My rating: 5 of 5 stars
The circus arrives without warning…
I believe that, whether we admit it or not, we all desperately desire to believe in magic. I’m writing this review moments after turning the final page of this book, and I am being one hundred percent truthful when I say I immediately wanted to flip back to page one and start again.
This wondrous, magic book set an enchanting spell on me, and I want it to last!
I probably won’t be able to gather my thoughts perfectly coherently, so here, in no particular order, are some of the things I loved about this book:
– the smells: the scents in this book were described so well (and all happened to be things that I love, coincidence? haha) that I felt I could actually experience them, the caramel corn, the cinnamon pastries, the beeswax candles…
– the enveloping magical world within the circus: somehow, Erin Morgenstern wrote a place that I now dream of experiencing. In the book, there is a group of people called the reveurs, who have become so entranced with the Circus that they follow it from place to place, never knowing where it might pop up next, or for how long. They dress all in shades of black and grey (because the circus is all in black and white, you know) with a pop of red. I would be one of these people.
– the colour-scheme: the black-and-white-ness of the Circus was so visually appealing! The book jacket says Erin Morgenstern is also a multui-media artist, and I really got a sense of the artist in her descriptions of colour.
– the amazing characters. Marco and Celia were engaging and incredible, but I also loved Poppet & Widget (and their kittens! New dream job: being part of the kitten act in a circus. Not joking!!), Chandresh and his midnight dinners, adorable fellow-reveur Bailey, and of course, Friedrick Thiessen, the clock-maker.
– (which brings me to:) the circus’s clock. How such a magical item can even be conceived of its beyond me, but this thing made its way into my mind as clear as anything. At one point, describing the clock, the book states that many mechanisms are at work so that the thing is in constant motion, and in fact an entire game of chess is played within the clock!! I mean, what?!? I loved it!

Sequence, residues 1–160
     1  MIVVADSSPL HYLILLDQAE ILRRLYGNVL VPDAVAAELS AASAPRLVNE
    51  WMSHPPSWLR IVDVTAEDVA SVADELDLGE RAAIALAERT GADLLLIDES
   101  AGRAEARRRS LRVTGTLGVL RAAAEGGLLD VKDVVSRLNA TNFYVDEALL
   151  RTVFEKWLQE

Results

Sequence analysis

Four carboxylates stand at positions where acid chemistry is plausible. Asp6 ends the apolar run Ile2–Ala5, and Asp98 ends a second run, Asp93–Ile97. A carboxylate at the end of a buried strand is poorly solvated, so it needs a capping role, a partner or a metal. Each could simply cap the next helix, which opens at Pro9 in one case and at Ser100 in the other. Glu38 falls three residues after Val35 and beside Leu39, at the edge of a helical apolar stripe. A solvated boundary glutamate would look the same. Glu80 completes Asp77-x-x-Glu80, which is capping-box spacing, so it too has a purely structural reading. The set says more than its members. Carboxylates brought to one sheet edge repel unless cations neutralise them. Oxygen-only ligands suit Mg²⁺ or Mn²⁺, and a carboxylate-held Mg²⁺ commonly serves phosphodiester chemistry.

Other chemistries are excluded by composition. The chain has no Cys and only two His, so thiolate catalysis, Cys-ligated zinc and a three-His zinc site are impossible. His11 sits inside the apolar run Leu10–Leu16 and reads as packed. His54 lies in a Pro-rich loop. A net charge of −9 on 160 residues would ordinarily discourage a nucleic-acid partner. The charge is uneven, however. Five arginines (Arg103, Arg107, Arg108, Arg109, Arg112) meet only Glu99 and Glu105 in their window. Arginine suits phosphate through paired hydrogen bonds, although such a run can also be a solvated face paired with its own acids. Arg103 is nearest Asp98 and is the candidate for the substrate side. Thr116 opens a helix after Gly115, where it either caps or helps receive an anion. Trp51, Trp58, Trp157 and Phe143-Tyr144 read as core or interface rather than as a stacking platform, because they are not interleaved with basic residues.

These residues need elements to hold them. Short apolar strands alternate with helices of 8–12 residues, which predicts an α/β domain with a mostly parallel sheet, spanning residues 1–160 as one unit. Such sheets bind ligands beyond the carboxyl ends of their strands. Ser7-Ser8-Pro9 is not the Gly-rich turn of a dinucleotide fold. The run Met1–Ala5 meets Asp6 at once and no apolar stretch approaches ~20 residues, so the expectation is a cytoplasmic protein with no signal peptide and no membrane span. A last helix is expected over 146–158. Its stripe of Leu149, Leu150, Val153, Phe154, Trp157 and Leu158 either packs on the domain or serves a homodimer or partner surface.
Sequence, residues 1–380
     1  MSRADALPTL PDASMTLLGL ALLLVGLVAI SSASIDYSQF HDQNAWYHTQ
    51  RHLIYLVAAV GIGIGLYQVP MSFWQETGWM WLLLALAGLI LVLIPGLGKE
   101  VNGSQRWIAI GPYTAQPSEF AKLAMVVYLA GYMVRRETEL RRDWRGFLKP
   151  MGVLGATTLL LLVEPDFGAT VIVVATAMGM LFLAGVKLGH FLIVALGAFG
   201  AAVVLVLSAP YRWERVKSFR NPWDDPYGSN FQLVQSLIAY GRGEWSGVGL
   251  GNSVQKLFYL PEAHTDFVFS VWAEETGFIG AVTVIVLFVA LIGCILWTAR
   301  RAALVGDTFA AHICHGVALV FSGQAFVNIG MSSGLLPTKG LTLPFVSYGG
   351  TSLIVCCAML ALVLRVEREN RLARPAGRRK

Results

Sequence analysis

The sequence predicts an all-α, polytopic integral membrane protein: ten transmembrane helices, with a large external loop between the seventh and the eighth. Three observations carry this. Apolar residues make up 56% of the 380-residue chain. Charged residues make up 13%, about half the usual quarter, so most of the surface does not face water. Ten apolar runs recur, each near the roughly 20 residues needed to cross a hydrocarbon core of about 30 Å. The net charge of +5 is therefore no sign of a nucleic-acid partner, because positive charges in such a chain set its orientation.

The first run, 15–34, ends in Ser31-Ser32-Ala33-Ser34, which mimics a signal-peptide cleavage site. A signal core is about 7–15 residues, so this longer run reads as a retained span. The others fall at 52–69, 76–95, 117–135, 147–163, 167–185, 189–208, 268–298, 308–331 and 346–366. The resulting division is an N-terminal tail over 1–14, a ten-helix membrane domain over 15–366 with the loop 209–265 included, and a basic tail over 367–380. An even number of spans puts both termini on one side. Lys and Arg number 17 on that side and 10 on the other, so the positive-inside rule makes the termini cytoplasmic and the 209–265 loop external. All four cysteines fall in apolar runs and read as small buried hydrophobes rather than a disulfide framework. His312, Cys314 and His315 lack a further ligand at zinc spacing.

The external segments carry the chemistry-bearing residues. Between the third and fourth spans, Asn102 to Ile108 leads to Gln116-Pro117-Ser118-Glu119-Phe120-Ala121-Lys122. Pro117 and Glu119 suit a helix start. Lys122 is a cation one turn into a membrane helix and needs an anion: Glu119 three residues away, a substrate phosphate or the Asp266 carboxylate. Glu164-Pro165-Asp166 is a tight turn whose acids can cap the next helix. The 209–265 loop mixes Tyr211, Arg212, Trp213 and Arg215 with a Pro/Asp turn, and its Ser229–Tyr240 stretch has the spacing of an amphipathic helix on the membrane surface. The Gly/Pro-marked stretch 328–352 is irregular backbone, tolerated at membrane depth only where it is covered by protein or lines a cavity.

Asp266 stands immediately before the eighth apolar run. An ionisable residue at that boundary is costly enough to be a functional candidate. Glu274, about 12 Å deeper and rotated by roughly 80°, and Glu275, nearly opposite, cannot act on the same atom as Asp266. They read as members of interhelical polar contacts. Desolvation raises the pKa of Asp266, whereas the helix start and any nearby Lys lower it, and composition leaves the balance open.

– the food. The food at the circus is amazing. They serve caramel corn, chocolate mice with licorice tails and almond ears, candied apples, and cinnamon twists. Practially every description of circus food made me hungry. I was salivating over these descriptions.
– the present-tense narration. This really made the book feel “real”. Everything IS happening right now, and as I was reading, I felt that I was becoming part of the story.
– the ingenious use of second-person narrative, in the interludes that popped up every so often. You are taken through various tents in the circus, one by one, and the details in those sections were just enough to make me feel like I really had experienced those things, and those places. It was perfect, because if you’re anything like me, from page one you were actually dying to go to the circus, and it was incredibly awesome of the author to let us experience that.
– the actual design of the book – I loved the black and white stripes inside the book covers, and the pages with the illustrations of constellations in the night sky. That was like the final straw that made this book just that much more awesome.
So… yes. I enjoyed this book through and through. The premise: a circus that is wonderful because, at its heart, it actually IS MAGICAL, was great. Then add a really great story to this setting, and you have a winner. I’m sure there’s tons more I will want to add later, but I want to absorb it all for a bit longer.
(And the ending. was. perfect.)
Seriously people, if you have read this and want to talk about it, let me know! I’m the only person I know who’s read it, and Himself was very politely tolerating my gushing about it (the chocolate mice! the black and white tents!) but until he’s read it I need someone to talk to ;)